Fighting foreclosures

Richmond wins the first battles in its war against big banks on behalf of underwater homeowners

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Hundreds of citizens pack the Sept. 10 Richmond City Council meeting.
PHOTO BY JOE FITZGERALD RODRIGUEZ

joe@sfbg.com

It will be a long war, but for now, Richmond is winning.

Two battles in the start of the city of Richmond's war on foreclosures were fought and won in the past week. A US District Court of Appeals judge dismissed Wells Fargo's lawsuit against Richmond's controversial plan to use eminent domain to save residents with underwater mortgages (see "Not for sale," Sept. 3). And Mayor Gayle McLaughlin successfully fought off legislation at the Richmond City Council to torpedo the plan before it started.

"I'm willing to go as high as the Supreme Court to settle this on behalf of our community," McLaughlin told us. These are the first fledgling steps in that long fight, a fight McLaughlin calls a just cause.

Half of all mortgages in Richmond are underwater, and as homes get foreclosed upon, the problems stack up: blighted neighborhoods, declining property tax revenues, public employee layoffs, rising crime, and homeless families. To stem the tide of foreclosures, Richmond teamed with Mortgage Resolution Partners (MRP) to attempt to buy the loans of 624 underwater mortgages and allow the owners to keep their homes.

Richmond's government sent out offers, and it is still waiting to hear back from the owners of the loans.

The controversy comes when the banks that hold the loans refuse to sell. In that case, Richmond would invoke the power of eminent domain to seize the mortgage loans.

Wells Fargo said in its lawsuit that this is a plan to line the pockets of MRP and the city of Richmond, a greedy and unconstitutional land grab. Eminent domain has never been used for this purpose, but as the judge noted in the lawsuit's first hearing Sept. 12 in San Francisco, the plan has yet to be acted on.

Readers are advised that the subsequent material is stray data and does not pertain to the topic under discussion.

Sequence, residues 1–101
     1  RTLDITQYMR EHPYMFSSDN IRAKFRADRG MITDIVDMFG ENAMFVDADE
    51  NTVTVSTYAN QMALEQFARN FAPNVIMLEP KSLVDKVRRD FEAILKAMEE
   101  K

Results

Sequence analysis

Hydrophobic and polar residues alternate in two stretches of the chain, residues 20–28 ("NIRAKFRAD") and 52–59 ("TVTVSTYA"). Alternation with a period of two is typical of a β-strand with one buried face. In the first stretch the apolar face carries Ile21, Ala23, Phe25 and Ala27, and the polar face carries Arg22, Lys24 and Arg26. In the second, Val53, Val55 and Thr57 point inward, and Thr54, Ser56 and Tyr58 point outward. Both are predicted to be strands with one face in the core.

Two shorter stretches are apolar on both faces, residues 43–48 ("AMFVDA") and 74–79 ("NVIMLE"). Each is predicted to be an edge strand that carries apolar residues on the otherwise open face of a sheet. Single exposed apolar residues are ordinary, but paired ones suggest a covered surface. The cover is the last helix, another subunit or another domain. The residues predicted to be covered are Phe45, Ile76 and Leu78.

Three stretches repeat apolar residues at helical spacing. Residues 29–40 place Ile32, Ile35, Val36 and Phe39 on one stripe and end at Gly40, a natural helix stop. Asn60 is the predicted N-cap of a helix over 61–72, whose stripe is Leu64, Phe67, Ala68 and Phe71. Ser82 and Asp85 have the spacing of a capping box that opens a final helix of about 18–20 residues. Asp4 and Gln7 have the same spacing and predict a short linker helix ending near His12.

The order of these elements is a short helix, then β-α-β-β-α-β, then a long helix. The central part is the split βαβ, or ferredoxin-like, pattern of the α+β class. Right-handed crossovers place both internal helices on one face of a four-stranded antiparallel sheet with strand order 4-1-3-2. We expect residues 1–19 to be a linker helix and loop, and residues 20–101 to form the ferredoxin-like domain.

"Okay, let's end the suspense, I don't believe (the case) is ripe for determination," Judge Charles Breyer told the attorneys from Wells Fargo. "There are a series of steps that can or cannot take place.... If they do take place, that's the time for the court to take a look at it."

Breyer noted that if and when Richmond wanted to use eminent domain to seize mortgage loans, the council would need to file a resolution of necessity through state court. At that point, he could act.

On Sept. 16, the case was dismissed. Too little has happened, and it is entirely too early to make any decisions, Breyer said.

Stacey Leyton, a lawyer representing Richmond in the lawsuit, explained the judge's decision plainly: "Courts are not supposed to review legislative actions before the (legislative body) has decided which action to take."

The Guardian reached out to Wells Fargo but we were told that it had nothing to say beyond its court filings, and referred us to the investors in the loans, of which Wells Fargo is a trustee.

But why is Wells Fargo pushing so fast for the courts to intervene? The eminent domain plan could mean a possible loss of revenue for Wells Fargo and the investors it represents, sending chills down the spine of Wall Street, a representative of MRP said.

MRP founder John Vlahoplus told us the eminent domain tactic is powerful because for Wells Fargo, legally challenging every municipality in the United States is much tougher than paying off a few fat cats in Congress.

So the stakes are high: if Richmond wins the eminent domain battle, cities across the country could use the tactic to rescue underwater mortgages, and the families that would otherwise lose their homes, swinging the balance of power from Wall Street toward cities.

Score one for Richmond, and zip for Wells Fargo, so far.

 

LOCAL FRONT

But the real drama happened closer to home. Before Richmond could fight the enemies from without, it fought the enemies within.

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